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Archive for the ‘Wiltshire Crop Circles’ Category

The weather may be more like November than May but the first crop circles have appeared in Wiltshire fields.Wilshire Crop Circle 2012

The first one was reported on April 15 at Hill Barn, near East Kennett in oil seed rape but a more striking one is currently visible, also in oil seed rape, also known as canola, at Yarnbury Castle  near Winterbourne Stoke.

This one was reported on April 28. It will be interesting to see how drier weather and more prolific crops affect the number of formations that appear over the next three months.

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The first formation to be reported in 2012. It was first reported on Sunday 15th April and is in oilseed rape (canola/colza) measuring approx. 140 feet in diameter. A pretty 12 pointed double flower at Lurkeley Hill on the outskirts of the village of East Kennett close to Marlborough in Wiltshire

East Kennett, Wiltshire
Crop Circle 2012
 This is a beautiful pattern to open the 2012 season, although because we were unable to photograph it straight away (the pictures here were taken when the formation was approximately 5 days old), we assume the plants have sprung back up quite a lot. 

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Wiltshire Crop Circles

In the early 1970’s Crop circles used to be unexplained patterns that were generally found in corn fields – hence the terminology ‘corn circles’. However, in more recent years teams of ‘circle-makers’ within the South of England have openly admitted creating some of these fantastic formations, and have constructed them in crops as diverse as Linseed and Rapeseed.

Most frequently these art forms have appeared in Wiltshire near ancient monuments that are themselves considered to be built on sites of powerful natural energies. Many people believe that it’s no coincidence that the phenomenon appears close to these ancient sites, and some have even reported crop circles forming in under 20 seconds under incandescent or brightly coloured balls of light.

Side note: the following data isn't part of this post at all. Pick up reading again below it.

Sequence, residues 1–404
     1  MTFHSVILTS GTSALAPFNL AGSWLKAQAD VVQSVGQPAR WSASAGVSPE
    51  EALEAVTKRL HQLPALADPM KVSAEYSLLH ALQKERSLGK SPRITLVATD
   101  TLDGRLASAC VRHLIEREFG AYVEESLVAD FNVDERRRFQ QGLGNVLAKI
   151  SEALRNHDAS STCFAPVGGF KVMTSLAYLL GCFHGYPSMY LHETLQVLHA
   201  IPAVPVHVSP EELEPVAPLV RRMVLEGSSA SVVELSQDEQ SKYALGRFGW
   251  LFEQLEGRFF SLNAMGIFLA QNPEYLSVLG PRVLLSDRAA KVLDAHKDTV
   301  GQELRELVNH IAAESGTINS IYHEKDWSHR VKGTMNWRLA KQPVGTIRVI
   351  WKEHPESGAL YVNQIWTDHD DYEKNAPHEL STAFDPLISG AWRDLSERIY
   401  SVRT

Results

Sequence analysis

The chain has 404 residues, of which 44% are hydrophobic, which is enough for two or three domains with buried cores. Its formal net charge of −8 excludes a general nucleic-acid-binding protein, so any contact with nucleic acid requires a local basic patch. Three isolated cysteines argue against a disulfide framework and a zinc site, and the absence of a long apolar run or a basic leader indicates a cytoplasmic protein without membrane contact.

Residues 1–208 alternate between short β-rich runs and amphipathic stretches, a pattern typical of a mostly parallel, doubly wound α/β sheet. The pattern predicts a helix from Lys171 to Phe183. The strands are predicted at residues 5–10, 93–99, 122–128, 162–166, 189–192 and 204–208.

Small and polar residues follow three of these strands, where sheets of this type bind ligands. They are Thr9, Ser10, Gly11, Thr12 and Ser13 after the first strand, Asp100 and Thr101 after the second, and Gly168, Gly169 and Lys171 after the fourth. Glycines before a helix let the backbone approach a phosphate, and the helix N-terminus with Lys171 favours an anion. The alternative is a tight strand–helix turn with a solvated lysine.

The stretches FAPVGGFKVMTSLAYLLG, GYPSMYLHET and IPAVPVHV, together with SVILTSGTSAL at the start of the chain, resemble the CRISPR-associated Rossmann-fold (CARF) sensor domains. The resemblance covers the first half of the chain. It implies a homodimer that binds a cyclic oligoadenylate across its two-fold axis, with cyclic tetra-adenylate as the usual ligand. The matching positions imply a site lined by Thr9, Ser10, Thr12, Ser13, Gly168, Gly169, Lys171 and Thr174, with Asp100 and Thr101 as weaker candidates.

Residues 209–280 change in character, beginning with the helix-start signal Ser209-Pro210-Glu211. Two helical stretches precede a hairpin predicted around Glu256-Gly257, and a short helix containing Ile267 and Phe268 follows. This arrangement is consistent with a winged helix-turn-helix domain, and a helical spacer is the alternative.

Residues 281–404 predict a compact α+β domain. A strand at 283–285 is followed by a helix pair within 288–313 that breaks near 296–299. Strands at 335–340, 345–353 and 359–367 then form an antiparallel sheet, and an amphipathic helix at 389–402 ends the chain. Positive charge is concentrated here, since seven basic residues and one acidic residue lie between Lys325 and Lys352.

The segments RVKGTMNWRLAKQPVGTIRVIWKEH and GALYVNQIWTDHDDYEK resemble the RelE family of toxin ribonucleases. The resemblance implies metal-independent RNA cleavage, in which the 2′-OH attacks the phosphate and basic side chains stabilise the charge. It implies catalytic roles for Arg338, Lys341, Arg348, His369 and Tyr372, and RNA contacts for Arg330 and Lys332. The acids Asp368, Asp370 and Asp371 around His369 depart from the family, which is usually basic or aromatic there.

Whatever you choose to believe about the crop circle phenomenon, there is no doubt that the circles are responsible for attracting huge amounts of media attention, which consequently results in thousands of visitors coming to Wiltshire every year in order to catch a glimpse of some of the more spectacular ones.

Link: http://www.wccsg.com
Link:  http://www.visitwiltshire.co.uk/

Needless to say we will be offering guided tours of all the best formations in the Wiltshire throughout 2012

HisTOURies UK
Mystical Landscape, Magical Tours

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Another crop circle in the United Kingdom was found on July 29. Like most crop circles, little to nothing is known about how, who or what created it. As mysterious as Stonehenge, crop circles continue to stump the brightest scientists and UFO fanatics alike.

Crop circles are a flattening of wheat, barley, rye, maize, and other crops. Cases have been documented for more than 40 years now in over 20 countries, but mainly in the United Kingdom — and more specifically in southern England. Circle makers typically avoiding being caught by working at night.

In July, a crop circle appeared across the field from Stonehenge, adding mystery to what was an already mind-boggling location. Many people believe that crop circles are an act of aliens, God, or mankind; some believe they spawn from earth’s magnetic field and energy. Yet, no one theory has proven what crop circles are, why they are here, or what created them

More than 2,000 different shapes have been recorded, and mathematical analysis has revealed the use of construction lines, invisible to the eye, are used to design the patterns. However, how these circles are created, or who is creating them remains a burning question many would like answered.

Crop circles and physics

In this month’s Physics World edition, Richard Taylor, director of the Materials Science Institute at the University of Oregon, states that physics and the arts are grouping together to work toward solving the secrets behind the ever complex crop circles.

According to Taylor, via EurekAlert.org, “physics could potentially hold the answer, with crop-circle artists possibly using the Global Positioning System (GPS) as well as lasers and microwaves to create their patterns, dispensing with the rope, planks of wood and bar stools that have traditionally been used.”

Microwaves, Taylor suggests, could be used to make crop stalks fall over and cool in a horizontal position — a technique that could explain the speed and efficiency of the artists and the incredible detail that some crop circles exhibit.

However, Taylor states that “Crop-circle artists are not going to give up their secrets easily. This summer, unknown artists will venture into the countryside close to your homes and carry out their craft, safe in the knowledge that they are continuing the legacy of the most science-oriented art movement in history.”